9. Well it's a bit of a mystery what I mean by non-phonic methods, Maizie. Perhaps Msz can clear it up. She keeps claiming that I have a narrow view of phonics teaching when, as far as I am concerned, I have the view of phonics teaching used in all the documentation on the subject that has come out of the government, and it seems very straightforward and comprehensive, not narrow at all. Systematic synthetic phonics teaching teaches pupils to decode GPCs left to right through the word and blend them for reading, and to segment phonemes and write the corresponding GPCs left to right through the word for spelling. That is all it is and that is all that should be taught, first and fast. Hence the phonics check and the match funding initiative. Msz seems to be saying that there is more to phonics teaching than that. Ergo there must be more to phonics teaching than phonics (Raa). A rich literacy background is not incompatible with phonics teaching unless time and effort spent in teaching phonics leads to children being deprived of literacy enrichment, which is not available from phonics lessons and decodable texts.
  10. Msz

    Msz Established commenter

    I was not referring to your spelling but your problem with teaching spelling (encoding) as the reverse of decoding.
  11. Msz

    Msz Established commenter

    Actually thumbie I don't know what you mean by non-phonic methods either.
  12. Perhaps it would be better if you wrote about concepts which you can explain.
  13. That problem is nothing to do with me, but with the problematic nature of the English orthography when it comes to phonic correspondences. You acknowledged those yourself in an earlier post. Unfortunately teaching decoding and encoding of a word at the same time, although helpful, does not entirely solve the problem.Again, you insist on making the problems of phonics my problems, Msz, when I mention facts and argue a case. Entertaining as that might be, it would be more productive if you could directly respond to the arguments put forward, and more helpful to those looking at this thread hoping to get some pointers for teaching spelling.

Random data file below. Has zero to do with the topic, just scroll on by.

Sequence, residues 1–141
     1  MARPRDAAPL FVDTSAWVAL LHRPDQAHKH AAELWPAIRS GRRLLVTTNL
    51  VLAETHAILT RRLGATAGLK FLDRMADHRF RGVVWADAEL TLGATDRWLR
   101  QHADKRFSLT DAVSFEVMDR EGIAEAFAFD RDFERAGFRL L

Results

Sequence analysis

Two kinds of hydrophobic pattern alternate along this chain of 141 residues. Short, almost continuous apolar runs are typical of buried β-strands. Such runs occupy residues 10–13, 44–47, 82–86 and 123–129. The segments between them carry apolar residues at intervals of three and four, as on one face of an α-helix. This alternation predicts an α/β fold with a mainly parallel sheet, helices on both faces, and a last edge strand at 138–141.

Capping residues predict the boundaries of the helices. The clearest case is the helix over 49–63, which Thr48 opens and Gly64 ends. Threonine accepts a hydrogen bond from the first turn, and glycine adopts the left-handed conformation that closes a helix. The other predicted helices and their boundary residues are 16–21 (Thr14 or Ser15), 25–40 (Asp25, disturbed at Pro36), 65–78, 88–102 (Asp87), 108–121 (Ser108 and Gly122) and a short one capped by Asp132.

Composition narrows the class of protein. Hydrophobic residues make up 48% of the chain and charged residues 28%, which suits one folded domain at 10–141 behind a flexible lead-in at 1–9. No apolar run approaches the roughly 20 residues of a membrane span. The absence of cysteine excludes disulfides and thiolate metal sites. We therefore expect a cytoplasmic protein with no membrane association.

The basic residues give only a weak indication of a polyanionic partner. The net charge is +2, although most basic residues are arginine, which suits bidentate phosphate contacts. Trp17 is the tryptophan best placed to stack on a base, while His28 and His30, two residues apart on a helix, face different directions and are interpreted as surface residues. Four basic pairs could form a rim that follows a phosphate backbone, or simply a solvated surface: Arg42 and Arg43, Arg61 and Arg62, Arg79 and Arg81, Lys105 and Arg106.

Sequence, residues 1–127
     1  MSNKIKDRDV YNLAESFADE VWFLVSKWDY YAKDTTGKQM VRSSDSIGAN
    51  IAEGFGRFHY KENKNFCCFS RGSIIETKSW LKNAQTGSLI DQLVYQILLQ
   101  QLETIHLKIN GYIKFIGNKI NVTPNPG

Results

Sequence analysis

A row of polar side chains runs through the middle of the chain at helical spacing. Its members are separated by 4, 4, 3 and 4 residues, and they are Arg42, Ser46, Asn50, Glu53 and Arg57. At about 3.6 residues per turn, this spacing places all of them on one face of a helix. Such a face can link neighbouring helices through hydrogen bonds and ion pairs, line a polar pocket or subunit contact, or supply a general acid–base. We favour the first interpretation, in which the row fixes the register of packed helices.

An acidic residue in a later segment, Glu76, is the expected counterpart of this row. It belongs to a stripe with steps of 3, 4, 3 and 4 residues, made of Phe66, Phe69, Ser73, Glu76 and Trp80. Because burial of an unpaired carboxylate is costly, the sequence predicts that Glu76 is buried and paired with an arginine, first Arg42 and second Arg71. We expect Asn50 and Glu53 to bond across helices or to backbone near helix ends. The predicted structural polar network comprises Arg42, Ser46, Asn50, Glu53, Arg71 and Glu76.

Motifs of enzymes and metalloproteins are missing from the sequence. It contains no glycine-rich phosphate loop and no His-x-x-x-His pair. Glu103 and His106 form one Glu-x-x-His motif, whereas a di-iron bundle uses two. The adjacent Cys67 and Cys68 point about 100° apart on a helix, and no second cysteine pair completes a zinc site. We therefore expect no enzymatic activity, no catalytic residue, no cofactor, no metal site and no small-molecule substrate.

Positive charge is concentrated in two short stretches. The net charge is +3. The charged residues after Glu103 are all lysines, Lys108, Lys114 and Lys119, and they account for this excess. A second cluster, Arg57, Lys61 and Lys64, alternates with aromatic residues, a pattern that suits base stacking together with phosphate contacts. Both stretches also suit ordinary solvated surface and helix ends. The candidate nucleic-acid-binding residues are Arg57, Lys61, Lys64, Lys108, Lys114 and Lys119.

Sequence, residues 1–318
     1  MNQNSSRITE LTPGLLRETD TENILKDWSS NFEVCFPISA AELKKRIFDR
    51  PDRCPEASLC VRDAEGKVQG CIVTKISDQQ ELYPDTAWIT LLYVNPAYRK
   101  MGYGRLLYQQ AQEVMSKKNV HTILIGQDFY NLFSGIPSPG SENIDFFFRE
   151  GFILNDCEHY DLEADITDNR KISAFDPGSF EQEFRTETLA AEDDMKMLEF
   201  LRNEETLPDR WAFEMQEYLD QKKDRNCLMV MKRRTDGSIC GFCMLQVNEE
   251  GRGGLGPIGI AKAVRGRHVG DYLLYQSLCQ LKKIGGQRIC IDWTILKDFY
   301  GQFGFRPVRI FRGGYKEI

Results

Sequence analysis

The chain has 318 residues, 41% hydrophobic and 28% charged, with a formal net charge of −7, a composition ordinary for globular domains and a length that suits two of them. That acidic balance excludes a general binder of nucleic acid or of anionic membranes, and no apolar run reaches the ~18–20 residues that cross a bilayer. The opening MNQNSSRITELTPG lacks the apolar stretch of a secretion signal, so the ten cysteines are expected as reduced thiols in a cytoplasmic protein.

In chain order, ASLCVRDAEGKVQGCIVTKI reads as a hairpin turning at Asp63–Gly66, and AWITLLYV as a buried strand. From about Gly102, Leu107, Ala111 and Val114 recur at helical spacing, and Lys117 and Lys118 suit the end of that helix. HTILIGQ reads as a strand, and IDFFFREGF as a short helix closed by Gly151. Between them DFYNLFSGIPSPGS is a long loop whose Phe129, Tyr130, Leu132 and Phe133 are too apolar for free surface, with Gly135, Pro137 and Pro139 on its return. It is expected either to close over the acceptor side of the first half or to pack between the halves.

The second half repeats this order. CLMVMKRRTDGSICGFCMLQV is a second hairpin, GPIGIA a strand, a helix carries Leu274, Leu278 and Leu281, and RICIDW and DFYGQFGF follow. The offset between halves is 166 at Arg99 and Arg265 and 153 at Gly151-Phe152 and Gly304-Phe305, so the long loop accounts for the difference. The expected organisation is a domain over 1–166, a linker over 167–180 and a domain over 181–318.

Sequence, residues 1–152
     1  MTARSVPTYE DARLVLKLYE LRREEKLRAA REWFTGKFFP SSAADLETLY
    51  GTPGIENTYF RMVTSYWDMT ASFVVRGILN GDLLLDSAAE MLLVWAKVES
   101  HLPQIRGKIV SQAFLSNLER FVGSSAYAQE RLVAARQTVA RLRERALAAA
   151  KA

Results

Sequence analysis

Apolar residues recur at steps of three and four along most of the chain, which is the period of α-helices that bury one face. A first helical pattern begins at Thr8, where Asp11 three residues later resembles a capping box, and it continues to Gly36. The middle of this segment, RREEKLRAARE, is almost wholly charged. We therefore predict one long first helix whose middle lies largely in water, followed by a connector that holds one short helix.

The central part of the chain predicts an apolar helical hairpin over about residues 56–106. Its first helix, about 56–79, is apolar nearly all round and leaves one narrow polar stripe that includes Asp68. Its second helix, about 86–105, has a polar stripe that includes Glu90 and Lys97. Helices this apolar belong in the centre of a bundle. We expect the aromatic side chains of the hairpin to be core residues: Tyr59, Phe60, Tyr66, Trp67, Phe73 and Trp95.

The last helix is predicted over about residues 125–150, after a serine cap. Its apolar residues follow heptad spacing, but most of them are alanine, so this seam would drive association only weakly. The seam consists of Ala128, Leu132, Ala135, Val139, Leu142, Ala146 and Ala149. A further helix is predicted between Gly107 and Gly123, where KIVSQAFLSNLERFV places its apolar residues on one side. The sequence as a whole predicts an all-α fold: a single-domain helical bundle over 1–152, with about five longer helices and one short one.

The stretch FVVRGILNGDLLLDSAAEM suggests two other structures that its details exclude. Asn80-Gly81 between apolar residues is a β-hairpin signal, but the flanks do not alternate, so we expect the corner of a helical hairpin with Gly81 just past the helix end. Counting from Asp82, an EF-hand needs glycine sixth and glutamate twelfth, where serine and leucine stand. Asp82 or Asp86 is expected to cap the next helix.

14. Yes, but it hasn't been explained. I'm just told my view is narrow.

  15. You used the term 'non-phonic methods'. Why are you using a term which you can't explain the meaning of? How does it aid clear communication?
  16. It doesn't. But you need to take it up with msz.
  17. Why? You're the person who used the phrase.
  18. Why? Because according to Msz my definition of phonics is too narrow and that is why I see difficulties in using phonics alone to teach decoding and encoding, or indeed, early reading and spelling. However, the definition of phonics I am using is the definition found in the Rose Report. It is the one evident in the matchfunding criteria. It is the one that is tested through the phonics check. Using these reliable sources it follows that phonics teaching cannot provide the complete answer to problems of decoding and problems of encoding in reading and writing due to the irregularities in English which have been described repeatedly. Nevertheless, I am told by Msz that the definition I am using (the government one) is too narrow. I have to assume that she uses something that goes beyond this 'narrow' definition in her phonics teaching. But whatever it is she uses must by definition be in addition to phonics which is very adequately explained by the government documents. I cannot help but reach the conclusion that some non-phonic method is being used here, and that Msz regards it as part of phonics. I would not presume to know what the non-phonics element is, which is why I suggest you ask Msz. It's all pretty academic, as it is the government, not Msz, that decides what phonics is for the purposes of teaching in schools.
  19. Doitforfree

    Doitforfree Star commenter

    When did spelling books go out of fashion? We had them even in my crummy junior school. If we didn't know a word the teacher wrote it in the book. If we still couldn't remember the next time we could look it up on the book, and woe betide you if you asked for a word already in there! It feels like a good extra string to the bow of learning to spell. Not the whole answer, of course, but it's not something I've come across in recent years.
    Eventually children have to internalise spellings one way or another if they're going to write accurately and fluently, and ultimately the only way to do this is practice of the correct spelling, whether that's achieved by spelling using phonics or learning whole words or both. Some children will have to do a lot more practice than others.
  20. Agreed. And it is counter-productive to mislead by claiming that phonic encoding is going to enable this process, which of course it can support - although used wrongly it also has the power to impede.